Look at how we did the previous week, hear a lesson on how we might do better, and then plan to put that lesson into place.
But a church is much more than a weekly continuing education.
It is a place where one can find “true north”.
An orienting point fixed in a chaotic world that gives you direction, and keeps you on the right path when there are many, many distractions and temptations to leave that path.
It is what you believe, what you value and the way you want to live.
It is an internal compass.
In her book Traveling Mercies, Anne Lamott shares a story she was told by her minister that describes how the church should be a landmark in our lives:
When [my minister] was about seven, her best friend got lost one day. The little girl ran up and down the streets of the big town where they lived, but she couldn’t find a single landmark. She was very frightened. Finally a policeman stopped to help her. He put her in the passenger seat of his car, and they drove around until she finally saw her church. She pointed it out to the policeman, and then she told him firmly, “You could let me out now. This is my church, and I can always find my way home from here.”
And that is why I have stayed so close to [my church]—because no matter how bad I am feeling, how lost or lonely or frightened, when I see the faces of the people at my church, and hear their tawny voices, I can always find my way home.
I love that image.
Whenever we are lost, we need to look for our church.
Once we see it, we know the way to go.
A church is also a spiritual health care center.
It is a place where people of faith, whether it is a lot of faith, a little faith, or a desire for faith, come together for some spiritual and emotional wellness therapy.
In the movie “A Knight’s Tale”, Heath Ledger masquerades as a knight so he can win jousting matches and earn money.
Jousting is a brutal sport.
After each match, his armor is battered and dented and broken.
He is bruised and cut.
So he goes to his blacksmith who removes the dents and re-rivets the connections.
She also stitches his cuts.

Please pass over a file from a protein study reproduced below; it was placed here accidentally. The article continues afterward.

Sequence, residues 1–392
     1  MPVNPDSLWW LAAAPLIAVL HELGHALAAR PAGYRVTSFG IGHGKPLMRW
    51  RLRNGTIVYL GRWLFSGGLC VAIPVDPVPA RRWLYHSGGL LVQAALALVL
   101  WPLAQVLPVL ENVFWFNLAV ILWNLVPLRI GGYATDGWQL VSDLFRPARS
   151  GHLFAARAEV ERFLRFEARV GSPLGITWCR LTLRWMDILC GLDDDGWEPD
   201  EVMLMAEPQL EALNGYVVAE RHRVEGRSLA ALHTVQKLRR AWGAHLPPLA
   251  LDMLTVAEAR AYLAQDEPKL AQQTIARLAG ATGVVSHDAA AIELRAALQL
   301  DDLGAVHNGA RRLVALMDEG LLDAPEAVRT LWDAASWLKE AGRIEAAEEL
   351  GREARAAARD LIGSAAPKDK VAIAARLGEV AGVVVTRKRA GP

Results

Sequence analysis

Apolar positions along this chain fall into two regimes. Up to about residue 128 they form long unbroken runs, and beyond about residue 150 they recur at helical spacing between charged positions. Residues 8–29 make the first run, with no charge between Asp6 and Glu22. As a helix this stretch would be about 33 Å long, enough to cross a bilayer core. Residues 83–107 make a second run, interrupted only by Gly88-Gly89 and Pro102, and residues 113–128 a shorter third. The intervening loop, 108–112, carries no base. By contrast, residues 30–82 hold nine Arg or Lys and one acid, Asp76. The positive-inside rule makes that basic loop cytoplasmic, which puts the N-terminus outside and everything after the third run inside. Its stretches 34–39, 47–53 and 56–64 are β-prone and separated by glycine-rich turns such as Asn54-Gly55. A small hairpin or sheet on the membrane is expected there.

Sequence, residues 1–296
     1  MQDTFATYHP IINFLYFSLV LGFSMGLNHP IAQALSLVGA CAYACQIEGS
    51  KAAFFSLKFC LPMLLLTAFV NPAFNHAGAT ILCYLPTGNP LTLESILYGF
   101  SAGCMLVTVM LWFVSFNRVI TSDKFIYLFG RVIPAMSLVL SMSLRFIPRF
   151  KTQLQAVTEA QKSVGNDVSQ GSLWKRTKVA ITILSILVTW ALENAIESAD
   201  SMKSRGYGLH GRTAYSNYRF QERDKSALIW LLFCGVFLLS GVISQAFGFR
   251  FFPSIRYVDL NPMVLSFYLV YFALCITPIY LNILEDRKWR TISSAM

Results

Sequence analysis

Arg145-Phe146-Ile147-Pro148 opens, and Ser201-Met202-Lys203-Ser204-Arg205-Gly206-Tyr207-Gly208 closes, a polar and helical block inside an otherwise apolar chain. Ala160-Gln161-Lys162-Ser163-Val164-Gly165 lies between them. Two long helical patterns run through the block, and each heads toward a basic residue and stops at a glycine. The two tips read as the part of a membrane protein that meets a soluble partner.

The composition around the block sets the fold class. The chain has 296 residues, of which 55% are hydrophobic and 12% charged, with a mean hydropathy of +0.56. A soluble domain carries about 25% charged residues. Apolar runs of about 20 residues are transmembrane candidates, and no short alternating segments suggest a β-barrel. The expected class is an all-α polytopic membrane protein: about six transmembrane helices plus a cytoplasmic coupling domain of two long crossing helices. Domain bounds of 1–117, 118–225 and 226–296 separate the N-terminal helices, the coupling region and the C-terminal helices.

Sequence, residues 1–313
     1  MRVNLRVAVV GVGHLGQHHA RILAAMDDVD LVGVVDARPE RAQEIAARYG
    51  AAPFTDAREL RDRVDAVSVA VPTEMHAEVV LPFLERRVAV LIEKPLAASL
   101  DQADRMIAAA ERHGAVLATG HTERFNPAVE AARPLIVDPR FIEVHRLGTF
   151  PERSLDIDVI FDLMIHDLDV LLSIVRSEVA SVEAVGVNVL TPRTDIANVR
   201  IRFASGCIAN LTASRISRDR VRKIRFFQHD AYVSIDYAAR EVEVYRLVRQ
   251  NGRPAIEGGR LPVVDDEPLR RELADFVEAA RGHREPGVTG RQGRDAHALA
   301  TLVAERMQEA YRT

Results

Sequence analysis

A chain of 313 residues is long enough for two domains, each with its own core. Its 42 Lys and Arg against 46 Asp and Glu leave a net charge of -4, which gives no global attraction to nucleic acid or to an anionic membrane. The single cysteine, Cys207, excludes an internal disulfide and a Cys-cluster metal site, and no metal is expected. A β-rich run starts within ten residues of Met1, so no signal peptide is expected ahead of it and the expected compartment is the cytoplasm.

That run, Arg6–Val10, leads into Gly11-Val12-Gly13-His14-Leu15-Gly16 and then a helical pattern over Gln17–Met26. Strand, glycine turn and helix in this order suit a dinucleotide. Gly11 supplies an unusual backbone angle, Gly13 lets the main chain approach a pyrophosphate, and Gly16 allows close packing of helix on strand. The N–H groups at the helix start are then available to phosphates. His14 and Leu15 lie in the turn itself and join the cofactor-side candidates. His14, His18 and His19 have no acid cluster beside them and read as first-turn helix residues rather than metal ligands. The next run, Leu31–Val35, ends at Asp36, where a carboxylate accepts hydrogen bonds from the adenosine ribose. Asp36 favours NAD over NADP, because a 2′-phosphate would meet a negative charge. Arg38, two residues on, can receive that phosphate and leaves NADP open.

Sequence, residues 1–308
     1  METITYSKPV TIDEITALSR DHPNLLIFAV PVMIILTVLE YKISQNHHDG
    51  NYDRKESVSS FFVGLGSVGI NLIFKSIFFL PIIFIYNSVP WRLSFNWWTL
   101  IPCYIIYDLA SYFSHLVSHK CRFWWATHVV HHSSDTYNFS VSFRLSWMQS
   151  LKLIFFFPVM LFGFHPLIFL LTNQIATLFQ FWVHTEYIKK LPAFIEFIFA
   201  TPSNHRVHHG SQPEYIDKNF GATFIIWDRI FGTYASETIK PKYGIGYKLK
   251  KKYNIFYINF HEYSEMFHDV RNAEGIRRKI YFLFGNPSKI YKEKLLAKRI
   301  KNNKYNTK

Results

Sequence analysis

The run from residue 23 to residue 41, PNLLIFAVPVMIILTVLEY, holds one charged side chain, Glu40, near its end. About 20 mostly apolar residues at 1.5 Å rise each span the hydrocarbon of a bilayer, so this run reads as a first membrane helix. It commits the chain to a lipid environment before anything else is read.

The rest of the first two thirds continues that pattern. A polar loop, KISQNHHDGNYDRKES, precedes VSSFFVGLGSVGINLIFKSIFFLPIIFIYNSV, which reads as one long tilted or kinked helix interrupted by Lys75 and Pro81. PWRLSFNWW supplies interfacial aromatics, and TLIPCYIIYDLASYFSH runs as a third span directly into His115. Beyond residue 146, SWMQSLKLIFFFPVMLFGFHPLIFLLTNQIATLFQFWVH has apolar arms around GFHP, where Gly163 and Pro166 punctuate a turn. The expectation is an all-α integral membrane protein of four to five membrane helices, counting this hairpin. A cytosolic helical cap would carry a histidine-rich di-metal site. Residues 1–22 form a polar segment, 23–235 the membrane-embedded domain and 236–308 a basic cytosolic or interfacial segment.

His small circle of friends surrounds him and gives him support.
They help him to recuperate between contests.
They learn and strategize.
Once done, he is ready to do battle again.
That is what a church does.
Our brutal sport is living in a world that is essentially a place to enjoy, but also attacks us with chaos, temptation, conflict and pain.
We need to gather for community encouragement and care often, and at least once a week.
Because we need it.
Our world does not treat those who do not fit into its values well.
This is how Paul describes his, and our, world.
[We] live as the [faithless] live, in the futility of their minds. They are darkened in their understanding, alienated from the life of God because of their ignorance and hardness of heart. They have lost all sensitivity and have abandoned themselves to licentiousness, greedy to practice every kind of impurity.
The culture of our world can infect us with a willingness to accept a way of living that is not what we want.
We forget how to swing the bat, practice law, live the Jesus way.
How does Paul say we treat others badly?
We refuse to forgive.
We lose our sensitivity to the badness.
We accept it as the “new normal”.
Paul’s treatment plan?
Put away from you all bitterness and wrath and anger and wrangling and slander, together with all malice, and be kind to one another, tender-hearted, forgiving one another, as God in Christ has forgiven you.
And in order to do that, we need to be part of an encouraging community.
After a week of living in our broken world, we come together battered and dented and bruised.
We need our armor tuned up.
We need our cuts stitched.
We need to see friendly faces.
We need to be supported and inspired.
We need to learn about God.
We need to hear how we are loved and healed by Jesus.
We need to feel the movement of the Holy Spirit.